The 5 key themes from Omaha
NAOS Asset Management attended the 2018 Berkshire Hathaway Annual Shareholders Meeting on Saturday, May 5 in Omaha, Nebraska. During the 6 hour meeting, Warren Buffett and Charlie Munger answered questions from journalists, analysts and shareholders, of which 40,000 were in attendance. Five of most important themes from the meeting in our view were the following:
Recently, headlines have been dominated by trade war talks between the US and China which has contributed to an increased level of volatility in financial markets. It is the view of both Warren and Charlie that if two dominant countries are jostling for a leading position in the global economy you will always have some tension between the two.
Despite this however, they both believe that the US and China can and will operate alongside each other without huge conflict. They believe that the two countries are too smart to do anything very detrimental when it comes to trade wars.
Berkshire Hathaway own significant interests in traditional newspaper businesses. Warren and Charlie have been surprised at the rate of decline in newspapers, noting that newspapers are even declining in small towns where they had expected them to be more resilient.
Warren noted that papers including the Wall Street Journal, The New York Times and the Washington Post have viable economic models given their presence in the digital world, but their traditional print businesses will almost certainly continue to shrink.
The decline has happened much faster than they thought it would. News is what you want to know that you don’t know, it is a fundamental societal change that traditional daily newspapers are no longer a primary source for this.
Cryptocurrencies are a non-producing asset. Gold is also a non-producing asset. If you had bought gold at the birth of Christ, the compound rate of its value between then and now is awful. Any time you buy a non-productive asset, you are relying on someone else to buy the same asset from you at a higher price.
We have seen it before with tulips and other non-productive assets, you can collect stamps and make money but you are relying on someone else to see more value than you & that person is relying on someone else to see more value than them. You make your money on productive assets. It is pure speculation when you buy something simply hoping that its value will be higher the next day.
It usually comes to a bad ending and cryptocurrencies will come to a bad ending. Bubbles like these encourage Charlatans and the mania then feeds on itself, it never ends well. Charlie summed it up, quipping that “someone else is trading turds and you decide you can’t be left out.”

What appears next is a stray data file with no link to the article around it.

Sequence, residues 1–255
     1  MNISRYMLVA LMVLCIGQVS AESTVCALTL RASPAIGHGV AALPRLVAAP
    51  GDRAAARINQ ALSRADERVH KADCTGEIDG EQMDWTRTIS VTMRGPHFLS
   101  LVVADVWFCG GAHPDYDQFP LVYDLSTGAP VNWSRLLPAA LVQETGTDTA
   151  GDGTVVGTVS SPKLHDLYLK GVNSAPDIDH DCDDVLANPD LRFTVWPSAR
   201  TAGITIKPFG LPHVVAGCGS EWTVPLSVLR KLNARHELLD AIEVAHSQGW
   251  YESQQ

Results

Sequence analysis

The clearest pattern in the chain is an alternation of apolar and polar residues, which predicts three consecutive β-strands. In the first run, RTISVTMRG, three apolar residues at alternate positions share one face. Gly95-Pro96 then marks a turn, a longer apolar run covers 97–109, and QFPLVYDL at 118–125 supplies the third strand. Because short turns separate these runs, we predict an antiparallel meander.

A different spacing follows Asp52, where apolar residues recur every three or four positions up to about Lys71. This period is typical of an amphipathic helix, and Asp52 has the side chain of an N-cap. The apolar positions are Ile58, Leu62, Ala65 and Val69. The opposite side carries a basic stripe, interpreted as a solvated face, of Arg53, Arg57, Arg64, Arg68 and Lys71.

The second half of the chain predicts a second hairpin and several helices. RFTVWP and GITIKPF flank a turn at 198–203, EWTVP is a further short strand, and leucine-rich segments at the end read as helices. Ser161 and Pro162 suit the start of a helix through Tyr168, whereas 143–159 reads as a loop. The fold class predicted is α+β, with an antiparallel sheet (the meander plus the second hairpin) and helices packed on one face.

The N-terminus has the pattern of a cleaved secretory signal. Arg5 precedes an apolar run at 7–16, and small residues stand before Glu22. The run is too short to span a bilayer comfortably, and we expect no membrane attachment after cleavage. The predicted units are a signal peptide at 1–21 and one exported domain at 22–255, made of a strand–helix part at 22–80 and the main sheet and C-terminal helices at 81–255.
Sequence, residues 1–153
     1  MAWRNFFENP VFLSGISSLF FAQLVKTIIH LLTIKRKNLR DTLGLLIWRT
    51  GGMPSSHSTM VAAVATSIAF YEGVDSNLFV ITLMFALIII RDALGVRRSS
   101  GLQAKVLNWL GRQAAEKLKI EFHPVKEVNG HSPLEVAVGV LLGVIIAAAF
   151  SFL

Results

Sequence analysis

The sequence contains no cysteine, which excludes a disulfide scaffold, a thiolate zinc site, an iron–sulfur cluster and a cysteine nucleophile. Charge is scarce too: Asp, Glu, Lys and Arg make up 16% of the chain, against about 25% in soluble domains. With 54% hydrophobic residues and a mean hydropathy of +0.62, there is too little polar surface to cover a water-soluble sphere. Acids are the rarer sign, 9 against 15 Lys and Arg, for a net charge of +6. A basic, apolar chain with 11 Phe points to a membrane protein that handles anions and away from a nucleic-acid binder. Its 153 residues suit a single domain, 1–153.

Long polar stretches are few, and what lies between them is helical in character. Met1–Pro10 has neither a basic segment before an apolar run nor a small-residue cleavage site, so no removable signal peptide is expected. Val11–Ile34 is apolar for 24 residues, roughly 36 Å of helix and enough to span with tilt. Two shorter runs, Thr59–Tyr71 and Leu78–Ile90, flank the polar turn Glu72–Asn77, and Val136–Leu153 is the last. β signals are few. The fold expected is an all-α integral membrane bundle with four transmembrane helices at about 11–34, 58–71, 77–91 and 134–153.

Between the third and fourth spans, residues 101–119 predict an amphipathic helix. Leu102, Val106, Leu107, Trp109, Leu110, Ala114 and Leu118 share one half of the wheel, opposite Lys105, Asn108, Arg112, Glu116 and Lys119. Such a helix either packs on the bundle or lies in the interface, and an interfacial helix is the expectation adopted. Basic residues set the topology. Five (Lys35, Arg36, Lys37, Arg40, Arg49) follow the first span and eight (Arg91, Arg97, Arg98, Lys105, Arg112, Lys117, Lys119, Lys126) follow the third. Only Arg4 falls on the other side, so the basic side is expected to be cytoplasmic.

THE WORLD IS GOING MORE ‘ASSET LIGHT’
Corporate profits compared to GDP are much higher now than they were 20 years ago. The top 4 companies in the S&P500 require very little in the way of tangible assets to produce very high levels of profitability.
Those 4 companies combined make up almost 10% of the value of all publicly traded companies. They are hugely profitable. They are also going to make even more now that corporate tax rate has gone down, in Warren’s view people may be underestimating the effect of that.
Buffett went on to admit they had made the wrong decision on Google by not investing, they didn’t understand it and he underestimated what Bezos could do with Amazon, he described it as a miracle.
REPUTATION GETS A BETTER PRICE
When Berkshire Hathaway makes an acquisition it is usually a family owned private business with the management team staying in place. When buying they promise the acquired company 3 things;
1. Permanence (i.e. they will not sell),
2. Automation (i.e. they will not interfere with operations) and
3. Decentralisation (i.e. they will operate separately from Berkshire Hathaway).
Due to their reputation in upholding these 3 promises they are often able to buy businesses at a cheaper price than someone else. Warren Buffett summed up his views on reputation with the following quote:
“Lose a dollar for our business and I will be understanding, lose a shred of reputation and I will be ruthless.”
After more than 50 years of running Berkshire Hathaway, the wisdom offered by both Warren Buffett and Charlie Munger is of significant value to investors around the world and NAOS believe that continuing to learn from investment masters is an important part of improving our investment process.
Important: This content has been prepared without taking account of the objectives, financial situation or needs of any particular individual. It does not constitute formal advice. Consider the appropriateness of the information in regards to your circumstances.
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